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I'm unsure of which Cauchy-Riemann law to use when I'm given either a real or imaginary function. For instance. I might be given a real function and asked to work out the imaginary part.

For instance, if I'm given the real part: $-3xy^2-2y^2+x^3+2x$ and asked to work out the imaginary, then I'd need to use the $\frac{du}{dx}=\frac{dv}{dy}$ rule rather than the $-\frac{du}{dy}=\frac{dv}{dx}$ rule before finding the imaginary part. Why is this?

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I assume you are talking about finding a harmonic conjugate (so you are given the real part of a holomorphic function and you're supposed to find the imaginary part)? It's not entirely clear. In that case, I'm pretty sure you would need both Cauchy-Riemann equations. –  Daan Michiels May 11 '12 at 18:39
Hi, yes. Although from my solution here, I've only used one: u=−3xy^2 −2y^2 +x^3 +2x^2 ∂u/∂x = −3 y2 + 3 x2 + 4 x = ∂v/∂y by C-R Hence v = −y3 + 3 x2 y + 4 x y –  Flo May 11 '12 at 18:46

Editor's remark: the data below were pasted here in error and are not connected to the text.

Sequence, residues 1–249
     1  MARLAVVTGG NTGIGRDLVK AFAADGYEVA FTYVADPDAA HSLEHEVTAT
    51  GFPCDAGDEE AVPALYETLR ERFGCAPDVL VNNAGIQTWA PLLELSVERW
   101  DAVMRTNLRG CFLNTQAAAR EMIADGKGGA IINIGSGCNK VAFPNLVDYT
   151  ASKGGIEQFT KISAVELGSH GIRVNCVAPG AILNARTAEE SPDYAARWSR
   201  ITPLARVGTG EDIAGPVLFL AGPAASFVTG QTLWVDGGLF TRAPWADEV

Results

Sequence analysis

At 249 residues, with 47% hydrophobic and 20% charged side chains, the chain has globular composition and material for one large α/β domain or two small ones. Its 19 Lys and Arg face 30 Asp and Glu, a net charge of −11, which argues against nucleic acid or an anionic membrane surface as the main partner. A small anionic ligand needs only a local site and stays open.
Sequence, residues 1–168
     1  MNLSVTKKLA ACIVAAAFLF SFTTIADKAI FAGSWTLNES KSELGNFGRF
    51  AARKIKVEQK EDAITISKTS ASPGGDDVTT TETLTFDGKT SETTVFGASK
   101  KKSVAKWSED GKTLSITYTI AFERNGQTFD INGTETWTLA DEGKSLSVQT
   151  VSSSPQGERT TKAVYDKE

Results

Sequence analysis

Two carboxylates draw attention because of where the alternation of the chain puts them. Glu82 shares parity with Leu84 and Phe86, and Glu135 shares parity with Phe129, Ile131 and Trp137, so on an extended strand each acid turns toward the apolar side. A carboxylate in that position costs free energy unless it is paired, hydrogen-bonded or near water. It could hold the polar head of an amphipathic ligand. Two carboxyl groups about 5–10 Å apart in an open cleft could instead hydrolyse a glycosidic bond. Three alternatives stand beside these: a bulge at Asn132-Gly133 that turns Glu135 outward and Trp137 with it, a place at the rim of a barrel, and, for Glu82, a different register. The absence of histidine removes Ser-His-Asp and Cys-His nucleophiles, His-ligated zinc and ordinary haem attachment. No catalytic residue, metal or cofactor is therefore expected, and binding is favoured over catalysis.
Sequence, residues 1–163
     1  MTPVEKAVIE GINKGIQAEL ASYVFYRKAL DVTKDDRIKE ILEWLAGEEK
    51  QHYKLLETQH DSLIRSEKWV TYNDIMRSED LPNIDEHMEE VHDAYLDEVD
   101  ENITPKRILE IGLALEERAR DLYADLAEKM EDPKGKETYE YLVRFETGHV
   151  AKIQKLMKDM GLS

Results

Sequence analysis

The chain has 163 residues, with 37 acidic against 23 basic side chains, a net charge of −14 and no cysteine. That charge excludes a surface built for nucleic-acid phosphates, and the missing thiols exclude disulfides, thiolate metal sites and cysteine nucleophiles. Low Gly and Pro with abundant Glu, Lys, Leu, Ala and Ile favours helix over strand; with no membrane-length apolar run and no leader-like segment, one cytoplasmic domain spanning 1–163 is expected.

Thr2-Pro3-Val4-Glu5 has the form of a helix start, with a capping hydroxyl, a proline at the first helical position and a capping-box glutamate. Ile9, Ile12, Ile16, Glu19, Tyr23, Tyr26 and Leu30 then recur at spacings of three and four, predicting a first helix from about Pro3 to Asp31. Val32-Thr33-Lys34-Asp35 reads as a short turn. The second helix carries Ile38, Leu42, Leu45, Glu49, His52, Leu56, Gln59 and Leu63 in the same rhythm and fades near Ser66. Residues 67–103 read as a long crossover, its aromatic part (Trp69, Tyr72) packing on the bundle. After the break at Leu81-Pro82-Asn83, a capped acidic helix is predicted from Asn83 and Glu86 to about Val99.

Oh! I think I've got you now...thanks for the help! –  Flo May 11 '12 at 18:51
Once you know $\partial v/\partial y$, you can find $v$ by integrating with respect to $y$ (I assume this is what you did). However, this gives a constant of integration that still depends on $x$. To find the integration constant, you need the other equation. –  Daan Michiels May 11 '12 at 18:54
Are you sure this is the correct expression for $u$? It is not harmonic. –  Daan Michiels May 11 '12 at 19:43

1 Answer 1

You need both. Let us take $$u(x,y)=-3xy^2+x^3+2x+y.$$ Then we get $$\frac{\partial u}{\partial x} = -3y^2+3x^2+2 = \frac{\partial v}{\partial y}.$$ Integrating with respect to $y$ leaves us with $$v(x,y) = -y^3+3x^2y+2y + C(x),$$ noting that the integration constant could be different for different $x$. To find $C(x)$, you would use the other Cauchy-Riemann equation: $$\frac{\partial v}{\partial x} = 6xy + C'(x) $$ and $$-\frac{\partial u}{\partial y} = 6xy-1 $$ and these should be equal, so $C'(x)=-1$. This implies $$ C(x) = -x+D $$ for some constant (really constant, this time) $D$. The final result is then $$ v(x,y) = -y^3+3x^2y+2y-x+D .$$ Note that a harmonic conjugate is only defined up to a constant (in this case it's called $D$).

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You may wonder why I chose this $u$, and not the one you mentioned. There is a good reason for this: the $u$ you mentioned is not a harmonic function (did you type it correctly?), so it cannot be the real part of a holomorphic function. I could have just left out the term $-2y^2$, but then we would have gotten $C'(x)=0$, which by coincidence defeats the point I was trying to make. –  Daan Michiels May 11 '12 at 19:13

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